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Irvine Council Debates El Toro Park, Jail

Incoming Mayor Larry Agran and new council members Chris Mears, Beth Krom campaigned for green space at Marine base, no expansion at Musick.

December 13, 2000|JEAN O. PASCO | TIMES STAFF WRITER

In calculated moves, a newly seated majority on the Irvine City Council on Tuesday resurrected planning for a city park at the closed El Toro Marine base and, separately, debated whether to oppose expansion of a jail that sits at the city's border.

Incoming Mayor Larry Agran and new council members Chris Mears and Beth Krom had promised during their campaigns to reverse earlier council approvals to shift park funding to the state and to allow a limited expansion of the James A. Musick Branch Jail.

Agran said the park, which would cover most of the 4,700-acre base, should be designed and managed by the city of Irvine, based on its history as "the most successful master-planned community in America."

Opponents of building a commercial airport at El Toro, the former Marine base that closed in mid-1999, then can use the city's "great park" plan in a March 2002 ballot measure, he said Tuesday, asking voters to overturn a 1994 vote that required an airport to be built at the base.

"The creation of a great metropolitan park to fill the El Toro site can be of great benefit to the entire county," said Agran, the city's elected mayor from 1988 to 1990.

Although Irvine continues its battle to thwart an airport at El Toro, council action on the Musick jail could spark a more immediate reaction.

A week ago, the Lake Forest City Council voted unanimously to accept a compromise plan for Musick, arguing that it was better to accept limited growth than the full-blown project sought by county supervisors. A majority of supervisors signed off on the deal a day later--but said it would be withdrawn unless Irvine approved it.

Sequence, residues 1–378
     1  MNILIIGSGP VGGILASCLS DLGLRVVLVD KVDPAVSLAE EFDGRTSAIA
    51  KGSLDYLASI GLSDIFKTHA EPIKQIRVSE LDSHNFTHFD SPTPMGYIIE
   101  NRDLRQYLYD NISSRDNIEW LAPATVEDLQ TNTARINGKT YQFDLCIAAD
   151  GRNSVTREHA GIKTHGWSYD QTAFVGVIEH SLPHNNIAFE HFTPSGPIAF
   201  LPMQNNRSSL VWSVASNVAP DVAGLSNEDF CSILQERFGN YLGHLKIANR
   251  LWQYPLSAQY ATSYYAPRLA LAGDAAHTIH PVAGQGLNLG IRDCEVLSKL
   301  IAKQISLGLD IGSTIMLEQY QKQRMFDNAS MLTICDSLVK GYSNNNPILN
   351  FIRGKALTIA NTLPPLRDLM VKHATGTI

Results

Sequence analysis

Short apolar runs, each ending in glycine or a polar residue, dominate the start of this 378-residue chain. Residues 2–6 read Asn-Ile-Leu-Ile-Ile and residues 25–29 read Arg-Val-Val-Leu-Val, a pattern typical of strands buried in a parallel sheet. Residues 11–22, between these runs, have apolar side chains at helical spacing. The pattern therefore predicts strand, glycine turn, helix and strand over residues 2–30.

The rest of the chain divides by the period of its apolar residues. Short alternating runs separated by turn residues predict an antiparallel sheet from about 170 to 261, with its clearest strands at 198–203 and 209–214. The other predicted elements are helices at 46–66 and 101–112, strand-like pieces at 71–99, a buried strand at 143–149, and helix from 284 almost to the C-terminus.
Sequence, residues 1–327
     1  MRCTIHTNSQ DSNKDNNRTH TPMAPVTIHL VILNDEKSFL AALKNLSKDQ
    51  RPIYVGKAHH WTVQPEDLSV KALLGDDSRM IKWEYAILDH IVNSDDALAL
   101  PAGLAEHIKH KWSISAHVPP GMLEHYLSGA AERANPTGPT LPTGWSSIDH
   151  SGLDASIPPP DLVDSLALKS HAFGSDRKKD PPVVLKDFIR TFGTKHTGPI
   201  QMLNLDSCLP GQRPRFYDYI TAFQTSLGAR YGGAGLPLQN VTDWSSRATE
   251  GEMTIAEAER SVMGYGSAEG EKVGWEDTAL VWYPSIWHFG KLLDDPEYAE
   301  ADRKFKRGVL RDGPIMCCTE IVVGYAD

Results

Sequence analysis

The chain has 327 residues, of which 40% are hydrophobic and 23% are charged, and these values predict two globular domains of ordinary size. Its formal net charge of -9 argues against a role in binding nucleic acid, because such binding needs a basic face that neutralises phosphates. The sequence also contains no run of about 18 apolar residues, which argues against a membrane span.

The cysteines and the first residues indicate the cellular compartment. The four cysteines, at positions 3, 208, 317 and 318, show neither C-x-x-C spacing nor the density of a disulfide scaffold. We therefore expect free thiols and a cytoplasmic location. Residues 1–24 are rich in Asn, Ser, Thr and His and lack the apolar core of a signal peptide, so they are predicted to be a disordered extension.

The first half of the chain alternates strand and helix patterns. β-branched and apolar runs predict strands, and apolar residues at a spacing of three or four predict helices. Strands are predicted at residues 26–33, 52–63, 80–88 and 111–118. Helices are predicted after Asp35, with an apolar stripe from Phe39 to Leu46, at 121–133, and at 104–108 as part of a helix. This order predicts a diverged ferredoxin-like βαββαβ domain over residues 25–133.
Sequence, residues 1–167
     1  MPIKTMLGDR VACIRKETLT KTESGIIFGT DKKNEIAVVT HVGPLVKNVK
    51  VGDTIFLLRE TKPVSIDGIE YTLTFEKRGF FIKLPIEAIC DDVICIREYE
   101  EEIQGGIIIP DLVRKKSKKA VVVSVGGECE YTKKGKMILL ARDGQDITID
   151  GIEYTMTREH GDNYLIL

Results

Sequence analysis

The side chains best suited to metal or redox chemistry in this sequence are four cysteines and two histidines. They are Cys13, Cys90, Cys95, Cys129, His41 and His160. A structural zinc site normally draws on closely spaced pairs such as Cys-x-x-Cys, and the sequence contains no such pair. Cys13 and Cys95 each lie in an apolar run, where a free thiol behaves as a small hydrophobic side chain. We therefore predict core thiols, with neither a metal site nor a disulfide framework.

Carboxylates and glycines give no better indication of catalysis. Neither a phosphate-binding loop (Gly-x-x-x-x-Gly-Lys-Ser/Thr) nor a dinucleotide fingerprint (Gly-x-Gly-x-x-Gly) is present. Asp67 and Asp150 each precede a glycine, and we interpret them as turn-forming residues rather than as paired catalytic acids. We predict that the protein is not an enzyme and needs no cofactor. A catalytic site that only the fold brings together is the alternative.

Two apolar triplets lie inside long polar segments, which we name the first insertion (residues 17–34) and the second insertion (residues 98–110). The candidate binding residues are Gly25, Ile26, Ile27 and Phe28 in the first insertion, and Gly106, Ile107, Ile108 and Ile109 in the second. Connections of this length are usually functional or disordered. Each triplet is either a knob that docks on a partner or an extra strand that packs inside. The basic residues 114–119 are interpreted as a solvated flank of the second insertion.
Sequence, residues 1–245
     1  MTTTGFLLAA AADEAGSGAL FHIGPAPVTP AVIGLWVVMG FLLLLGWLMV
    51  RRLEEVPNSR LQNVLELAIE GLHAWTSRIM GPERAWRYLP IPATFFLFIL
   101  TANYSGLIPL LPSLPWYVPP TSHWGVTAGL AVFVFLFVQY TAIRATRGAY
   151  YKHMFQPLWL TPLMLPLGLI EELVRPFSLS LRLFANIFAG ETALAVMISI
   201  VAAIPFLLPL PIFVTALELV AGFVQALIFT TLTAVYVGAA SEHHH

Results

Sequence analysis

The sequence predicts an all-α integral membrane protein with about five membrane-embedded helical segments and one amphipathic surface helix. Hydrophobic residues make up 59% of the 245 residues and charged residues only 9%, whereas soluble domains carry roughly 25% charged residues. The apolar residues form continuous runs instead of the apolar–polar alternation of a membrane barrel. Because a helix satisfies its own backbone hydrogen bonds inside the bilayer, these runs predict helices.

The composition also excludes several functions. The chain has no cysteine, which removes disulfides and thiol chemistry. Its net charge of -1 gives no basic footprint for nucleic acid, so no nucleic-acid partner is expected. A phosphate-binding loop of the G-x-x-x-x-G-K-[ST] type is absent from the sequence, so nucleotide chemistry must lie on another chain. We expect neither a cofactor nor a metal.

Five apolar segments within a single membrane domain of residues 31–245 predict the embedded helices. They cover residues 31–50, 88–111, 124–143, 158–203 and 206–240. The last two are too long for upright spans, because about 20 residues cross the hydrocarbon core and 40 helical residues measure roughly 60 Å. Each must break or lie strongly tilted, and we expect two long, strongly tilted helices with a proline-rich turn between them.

The Irvine council spent hours late Tuesday arguing the merits of the compromise. Mears wanted the council to appoint a committee that would work in the next four months to find a remote spot for a new jail where Musick could be moved.

Years of effort to find such a site, most recently by South County cities, fell apart after no suitable spot could be found. Lake Forest officials hoped Irvine would approve the compromise and put pressure on the county to find another jail site farther from homes and businesses. Lake Forest homes are within 700 feet of the Musick jail.

Pressure for Irvine to ink the deal increased Friday after an appellate court cleared the way for the county to build as many as 7,968 beds at Musick. There are 1,200 beds now at the branch jail; the compromise would allow up to 4,400 beds over the next 15 years.

The county's expansion plans for Musick were approved by supervisors before the passage in March of Measure F, which called for two-thirds of voters countywide to agree before the county could build new airport projects, large jails near homes and hazardous waste landfills. A judge threw out Measure F earlier this month as unconstitutional and a violation of state law.

Mears said supervisors would be thwarting the will of voters countywide if they forged ahead with a full Musick expansion. Measure F passed with 67% of the vote.

He said city officials will work with the Irvine Co., which owns most of the county's remaining undeveloped land, to find a remote site. Company officials in the past have declined to comment on their involvement in the search.

A future jail also would not need to be as large as sought by county planners, Mears said. The county now houses about 750 maximum-security prisoners, he said, and as many as 1,152 maximum-security prisoners can be housed at the Theo Lacy Branch Jail in Orange.

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